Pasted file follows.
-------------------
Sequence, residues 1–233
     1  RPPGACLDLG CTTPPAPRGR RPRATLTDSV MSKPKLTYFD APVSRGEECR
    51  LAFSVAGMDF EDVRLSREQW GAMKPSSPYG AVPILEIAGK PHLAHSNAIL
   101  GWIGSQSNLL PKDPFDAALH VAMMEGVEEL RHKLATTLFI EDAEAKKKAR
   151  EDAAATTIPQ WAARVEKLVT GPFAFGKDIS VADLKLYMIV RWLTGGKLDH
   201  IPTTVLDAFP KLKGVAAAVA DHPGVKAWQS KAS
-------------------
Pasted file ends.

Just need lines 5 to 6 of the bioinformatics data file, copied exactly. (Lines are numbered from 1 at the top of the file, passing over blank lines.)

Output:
   151  EDAAATTIPQ WAARVEKLVT GPFAFGKDIS VADLKLYMIV RWLTGGKLDH
   201  IPTTVLDAFP KLKGVAAAVA DHPGVKAWQS KAS